by Neal Hayes

19 November 2006


In the 21st century, the market for movie soundtrack recordings is surprisingly strong. People who would never sit through the abstract instrumentals of a Beethoven symphony or a Mozart string quartet will rush to the record store to snag copies of the movie music that accompanies swashbuckling pirates or mischievous hobbits. This tendency bodes well for the music of the trio known as Thunderball. On their latest album, the aptly titled Cinescope, the group delivers 12 tracks which contrast much of today’s abstract, overly cerebral electronica and could serve as a soundtrack for an imagined movie.

Thunderball is the name for the Washington, D.C.-based production group consisting of Sid Barcelona, Steve Raskin, and Rob Myers. On its two previous full-length albums, Ambassadors of Style and Scorpio Rising, the group established a dance style that drew upon elements of downtempo, funk, and film music. All these elements surface on the group’s latest album, Cinescope. This latest release proves that Thunderball’s lack of mainstream success is a matter of exposure, not style. If more people could hear the group’s work, the Thunderball fanbase would surely increase exponentially.

cover art



(Eighteenth Street)
US: 17 Oct 2006
UK: 6 Nov 2006

Cinescope kicks off with “The Road to Benares”, which turns out to be the start of a musical journey of sorts. The album opens with the shimmer of an exotic glissando and soon proceeds to a steady beat augmented by Indian stringed instruments and hand percussion. Throughout the track, lush orchestral strings give the track an epic feel and enhance the cinematic quality of the music. This sprawling, exotic atmosphere spills over into the next track, “Electric Shaka”.

Starting with the third track, Cinescope really gets funky. With its understated wah-wah guitar and prominent horn stabs, “Return of the Panther” sounds like a theme song for a hip secret agent from the ‘70s. The next track, “Get Up with the Get Down”, sounds like a groovier sequel to “Land of a Thousand Dances” despite the female vocals. “Thunder in the Jungle” completes the funk trio in the middle of the album.

After the bouncy rhythms, scratchy guitar, and wild horns of the middle songs, Cinescope begins to slow down. “Strictly Rude Boy” displays a Jamaican influence that surfaces again in “To Sir with Dub”. The styles in the last half of the album are even more varied than the first, and they include jazz, (“The Mysterious Mr. Sandobar” and “Elevated States”) and Latin music (“ChicaChiquita”). The only real constants on the final half of Cinescope are the familiar orchestral strings and a more reserved tempo than that on the first few tracks.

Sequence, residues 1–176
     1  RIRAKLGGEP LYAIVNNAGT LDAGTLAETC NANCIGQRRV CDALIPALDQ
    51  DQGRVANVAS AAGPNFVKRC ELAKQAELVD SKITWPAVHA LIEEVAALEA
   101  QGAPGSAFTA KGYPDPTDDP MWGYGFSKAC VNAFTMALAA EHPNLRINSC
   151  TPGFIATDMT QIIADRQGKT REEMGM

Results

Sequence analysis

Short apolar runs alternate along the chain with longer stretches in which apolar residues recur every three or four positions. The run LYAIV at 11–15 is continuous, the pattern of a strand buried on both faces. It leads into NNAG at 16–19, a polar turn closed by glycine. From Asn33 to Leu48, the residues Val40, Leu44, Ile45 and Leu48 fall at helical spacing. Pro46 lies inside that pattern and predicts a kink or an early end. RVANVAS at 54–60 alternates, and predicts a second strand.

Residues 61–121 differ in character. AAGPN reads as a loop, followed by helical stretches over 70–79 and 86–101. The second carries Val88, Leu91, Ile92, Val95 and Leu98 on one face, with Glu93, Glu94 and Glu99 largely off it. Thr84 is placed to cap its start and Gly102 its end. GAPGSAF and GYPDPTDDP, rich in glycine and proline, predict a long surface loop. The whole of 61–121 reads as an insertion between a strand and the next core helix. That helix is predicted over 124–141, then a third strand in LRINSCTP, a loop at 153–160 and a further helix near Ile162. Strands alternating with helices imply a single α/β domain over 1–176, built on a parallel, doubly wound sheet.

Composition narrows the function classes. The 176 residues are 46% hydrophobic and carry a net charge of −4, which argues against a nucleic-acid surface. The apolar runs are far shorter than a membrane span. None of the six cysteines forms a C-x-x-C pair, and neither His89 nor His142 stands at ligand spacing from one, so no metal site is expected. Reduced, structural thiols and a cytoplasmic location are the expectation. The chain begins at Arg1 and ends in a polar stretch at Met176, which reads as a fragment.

Overall, Thunderball is much more accessible than other electronic artists. For many DJs, technical virtuosity is a goal in and of itself. The production on Cinescope is certainly skillful, but Thunderball’s mixes never interrupt the party. One should also note that the group never sacrifices artistry to achieve their grooviness. All told, Cinescope, is a satisfying piece of music. It opens slowly and develops quickly. Once it reaches its energetic peak, it broadens into new stylistic territory before it ends on a reserved, meditative note.

With some modification, a famous cliché applies to this album. In the case of music, you are what you love. On many electronic albums, the DJs demonstrate a love for electronics, and the music that results appeals to those with a similar fascination with technology. On Cinescope, Thunderball demonstrates a love for movies, seventies funk, and exotic sounds. As a result, their music should appeal to people who aren’t usually dance music fans. Cinescope is broad in scope and flawless in execution. Anyone looking for a good time or a good record should check it out.



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